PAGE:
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$12k in one week: How one thrifty Aussie built a thriving side hustle

More than 85 per cent of Australian households have unwanted or unused items sitting around their home.

Aussie households have as much as $7,000 worth of unwanted or unused items sitting around their homes but many of us are sitting on this potential lump sum without even realising it.

We also often feel we're too busy to liquidate our unwanted items, or simply don’t know where to start. But Kylie Wallace, who works full-time in the not-for-profit sector, has found a way to help people unlock cash in their homes and she's turned it into a successful side hustle.

“I have been [selling second-hand items online] for as long as I can remember,” she told Yahoo Finance.

Compilation image of Kylie and her side hustle business partners and piles of goods they have sold
Aussies like Kylie are taking on side hustles to keep up with the rising cost of living. (Source: Supplied) (Samantha Menzies)

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“It evolved from selling and trading things as a kid to helping friends and family sell unwanted items through my eBay store in my teens and 20s.”

Now, Kylie and her two friends, Elliot Costello and Sheena Boys, run Upcycle. The trio act as a proxy reseller for people wanting to sell second-hand items from their homes, storage cages, garages, or even deceased estates and businesses that are closing down.


Users submit their job on the Upcycle website, and agree to a $100 callout fee to anywhere in Melbourne. If their job is accepted, Kylie and the team visit the space, sort through sellable items, take high-quality images, and list them on second-hand marketplaces. They then liaise with all buyers, negotiate pricing, and coordinate the sale. Profits are then split 50/50 with the owner.

Kylie earned $12,000 in less than two weeks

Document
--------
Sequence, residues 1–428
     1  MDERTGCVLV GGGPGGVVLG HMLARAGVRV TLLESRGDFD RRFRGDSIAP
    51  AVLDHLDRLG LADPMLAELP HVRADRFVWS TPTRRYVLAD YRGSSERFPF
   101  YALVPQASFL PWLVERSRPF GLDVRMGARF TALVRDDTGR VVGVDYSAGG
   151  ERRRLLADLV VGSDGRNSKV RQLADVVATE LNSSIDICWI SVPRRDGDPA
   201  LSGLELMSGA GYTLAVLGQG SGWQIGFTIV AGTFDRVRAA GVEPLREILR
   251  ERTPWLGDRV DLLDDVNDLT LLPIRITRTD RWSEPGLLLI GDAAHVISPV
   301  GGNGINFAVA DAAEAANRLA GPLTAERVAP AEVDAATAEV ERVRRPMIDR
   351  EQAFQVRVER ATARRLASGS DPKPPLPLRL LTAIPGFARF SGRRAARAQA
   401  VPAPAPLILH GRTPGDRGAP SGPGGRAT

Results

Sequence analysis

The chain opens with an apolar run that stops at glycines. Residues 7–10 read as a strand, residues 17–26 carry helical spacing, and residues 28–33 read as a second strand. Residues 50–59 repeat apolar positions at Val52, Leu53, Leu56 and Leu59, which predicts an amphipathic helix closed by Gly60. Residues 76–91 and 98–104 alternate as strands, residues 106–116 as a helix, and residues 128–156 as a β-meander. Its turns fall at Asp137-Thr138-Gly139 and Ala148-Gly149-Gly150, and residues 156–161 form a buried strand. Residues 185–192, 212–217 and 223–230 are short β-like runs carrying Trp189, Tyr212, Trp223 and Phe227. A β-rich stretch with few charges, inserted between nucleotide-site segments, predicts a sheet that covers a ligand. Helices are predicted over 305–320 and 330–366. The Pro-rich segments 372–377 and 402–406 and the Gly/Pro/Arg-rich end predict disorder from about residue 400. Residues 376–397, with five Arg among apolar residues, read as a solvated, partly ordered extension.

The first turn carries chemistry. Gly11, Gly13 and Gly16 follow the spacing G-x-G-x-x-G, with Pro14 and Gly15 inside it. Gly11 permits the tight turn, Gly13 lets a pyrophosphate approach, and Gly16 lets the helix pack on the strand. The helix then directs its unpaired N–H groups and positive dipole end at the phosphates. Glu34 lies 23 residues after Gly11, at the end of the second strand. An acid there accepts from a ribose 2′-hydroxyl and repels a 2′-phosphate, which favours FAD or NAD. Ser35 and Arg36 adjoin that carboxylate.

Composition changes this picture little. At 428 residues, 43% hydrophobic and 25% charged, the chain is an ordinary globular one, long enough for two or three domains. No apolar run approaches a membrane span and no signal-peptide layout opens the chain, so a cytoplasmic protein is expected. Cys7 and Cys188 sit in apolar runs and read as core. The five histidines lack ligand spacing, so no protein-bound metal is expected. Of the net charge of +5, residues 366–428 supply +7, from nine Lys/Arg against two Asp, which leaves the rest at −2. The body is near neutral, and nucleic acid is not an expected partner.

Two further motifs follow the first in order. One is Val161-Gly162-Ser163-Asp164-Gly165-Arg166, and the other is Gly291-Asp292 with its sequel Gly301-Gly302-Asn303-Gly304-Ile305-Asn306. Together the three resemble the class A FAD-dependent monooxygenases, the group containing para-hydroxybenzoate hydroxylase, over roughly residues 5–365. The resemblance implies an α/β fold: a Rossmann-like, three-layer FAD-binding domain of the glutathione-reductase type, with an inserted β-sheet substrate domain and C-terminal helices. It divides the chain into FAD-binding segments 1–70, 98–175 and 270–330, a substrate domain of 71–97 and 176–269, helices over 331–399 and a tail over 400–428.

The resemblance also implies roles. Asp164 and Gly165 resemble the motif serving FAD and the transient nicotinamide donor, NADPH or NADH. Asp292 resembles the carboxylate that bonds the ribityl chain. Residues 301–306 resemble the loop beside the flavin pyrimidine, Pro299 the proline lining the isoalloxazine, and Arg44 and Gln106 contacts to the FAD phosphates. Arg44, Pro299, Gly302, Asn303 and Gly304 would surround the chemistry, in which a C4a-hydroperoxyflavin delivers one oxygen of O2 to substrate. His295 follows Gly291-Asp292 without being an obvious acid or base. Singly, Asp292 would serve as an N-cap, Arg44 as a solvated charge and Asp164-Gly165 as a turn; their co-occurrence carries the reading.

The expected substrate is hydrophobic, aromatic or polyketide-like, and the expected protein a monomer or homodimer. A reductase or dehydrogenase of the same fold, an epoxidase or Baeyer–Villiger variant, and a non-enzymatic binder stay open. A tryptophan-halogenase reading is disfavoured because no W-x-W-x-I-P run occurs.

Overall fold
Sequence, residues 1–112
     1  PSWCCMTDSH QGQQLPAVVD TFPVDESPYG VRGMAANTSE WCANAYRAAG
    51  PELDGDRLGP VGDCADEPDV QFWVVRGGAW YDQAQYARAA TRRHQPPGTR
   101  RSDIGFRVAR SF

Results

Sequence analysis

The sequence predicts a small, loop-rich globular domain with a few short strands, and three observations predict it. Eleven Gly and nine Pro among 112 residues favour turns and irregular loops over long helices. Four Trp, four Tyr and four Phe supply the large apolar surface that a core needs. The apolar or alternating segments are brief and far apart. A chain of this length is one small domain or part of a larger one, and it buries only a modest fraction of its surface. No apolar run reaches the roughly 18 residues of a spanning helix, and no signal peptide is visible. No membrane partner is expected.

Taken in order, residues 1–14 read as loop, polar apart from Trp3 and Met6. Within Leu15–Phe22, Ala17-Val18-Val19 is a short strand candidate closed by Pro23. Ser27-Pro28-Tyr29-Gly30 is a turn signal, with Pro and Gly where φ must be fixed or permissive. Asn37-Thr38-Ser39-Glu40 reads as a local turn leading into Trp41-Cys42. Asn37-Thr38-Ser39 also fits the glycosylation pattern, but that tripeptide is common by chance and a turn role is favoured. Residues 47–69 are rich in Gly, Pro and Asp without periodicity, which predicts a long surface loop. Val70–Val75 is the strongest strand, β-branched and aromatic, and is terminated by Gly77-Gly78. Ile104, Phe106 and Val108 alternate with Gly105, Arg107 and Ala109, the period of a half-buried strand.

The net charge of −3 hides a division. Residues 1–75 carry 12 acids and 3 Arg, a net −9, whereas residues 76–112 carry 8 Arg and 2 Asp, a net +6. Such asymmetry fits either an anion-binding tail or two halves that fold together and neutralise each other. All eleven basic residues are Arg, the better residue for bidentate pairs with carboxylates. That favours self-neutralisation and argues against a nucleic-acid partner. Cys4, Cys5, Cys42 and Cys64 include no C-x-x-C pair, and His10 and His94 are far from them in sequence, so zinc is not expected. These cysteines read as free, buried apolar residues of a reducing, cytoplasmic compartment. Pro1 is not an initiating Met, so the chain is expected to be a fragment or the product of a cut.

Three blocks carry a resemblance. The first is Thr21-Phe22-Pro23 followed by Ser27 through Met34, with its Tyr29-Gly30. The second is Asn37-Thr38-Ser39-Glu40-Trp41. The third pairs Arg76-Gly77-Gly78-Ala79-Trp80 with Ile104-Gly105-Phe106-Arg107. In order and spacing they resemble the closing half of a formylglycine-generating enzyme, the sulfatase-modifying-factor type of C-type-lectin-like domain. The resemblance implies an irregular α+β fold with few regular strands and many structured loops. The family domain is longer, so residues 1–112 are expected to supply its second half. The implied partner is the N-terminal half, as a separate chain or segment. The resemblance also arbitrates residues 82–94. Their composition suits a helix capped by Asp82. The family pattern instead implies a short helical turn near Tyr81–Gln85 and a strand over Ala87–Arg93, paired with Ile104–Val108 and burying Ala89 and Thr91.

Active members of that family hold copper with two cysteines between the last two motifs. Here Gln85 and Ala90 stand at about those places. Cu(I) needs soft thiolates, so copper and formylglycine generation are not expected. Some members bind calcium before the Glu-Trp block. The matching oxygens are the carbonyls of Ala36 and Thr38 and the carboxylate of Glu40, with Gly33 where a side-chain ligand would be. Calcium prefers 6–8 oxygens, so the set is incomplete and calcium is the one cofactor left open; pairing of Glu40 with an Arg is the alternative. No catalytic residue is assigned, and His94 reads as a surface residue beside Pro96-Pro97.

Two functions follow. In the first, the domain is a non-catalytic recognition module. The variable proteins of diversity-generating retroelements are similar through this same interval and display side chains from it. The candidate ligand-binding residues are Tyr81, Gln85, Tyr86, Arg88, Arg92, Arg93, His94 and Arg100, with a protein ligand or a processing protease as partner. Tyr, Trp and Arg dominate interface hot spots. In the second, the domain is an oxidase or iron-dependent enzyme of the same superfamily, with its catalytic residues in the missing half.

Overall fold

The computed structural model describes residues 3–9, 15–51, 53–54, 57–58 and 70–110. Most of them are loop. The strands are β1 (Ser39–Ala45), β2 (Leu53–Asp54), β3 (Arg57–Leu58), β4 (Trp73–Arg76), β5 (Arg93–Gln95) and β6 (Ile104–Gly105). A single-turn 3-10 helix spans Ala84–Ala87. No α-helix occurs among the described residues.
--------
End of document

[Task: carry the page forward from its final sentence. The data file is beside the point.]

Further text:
“We recently provided an Upcycle service for a deceased estate, and sold 98 items totalling $24,000," Kylie said.

Split 50/50, that’s $12,000 banked from one job alone. Being able to take on big resale projects makes Upcycle a win-win for both parties.

People with large amounts of unwanted stuff can outsource the enormous task of listing several items, meaning spaces are cleared faster, and they’re able to make money rather than paying to take items to the tip.

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There is money to be made in the second-hand economy with just a few hours per week.

“At this stage of Upcycle’s journey, I spend about eight to 12 hours per week on the project,” Kylie said.

But of course, anyone who has ever used Facebook Marketplace will know coordinating buyers is no mean feat.

“There have been nights where I have gone to bed at 2:00am catching up on over 150 messages on Facebook Marketplace. But it all pays off when you see all the stuff gone, happy sellers and happy buyers who feel like they are getting a good deal and also helping the circular economy.”

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Making bank and saving stuff from landfill

As well as being a stellar money maker, Kylie’s side hustle responds to a critical environmental need.

“We have been shocked at how so much quality stuff ends up at the tip because people simply don’t have time or don’t know how to sell it, or are really worried about being scammed online," she said.

“Landfills are overflowing and Victoria has only five years until capacity is reached."

Not only is the team redirecting high-quality items away from landfill, they’re also stimulating the second-hand economy by making these items available to everyday people.

Kylie’s advice for budding side hustlers

If Kylie’s entrepreneurial pursuits have got you fired up to start your own money-making side hustle, here’s her advice.

Starting a side hustle can be time-consuming, difficult, and frustrating,” she said, suggesting people find something they “genuinely enjoy working on” and that brings them “purpose and meaning”.

Time management is also critical when it comes to managing a side hustle with other commitments. “Set realistic goals, establish a schedule that works for you, and prioritise tasks that drive sales and income.

“Be willing to experiment with new ideas, listen to customer feedback, and pivot your strategies as needed to stay relevant and competitive in the market.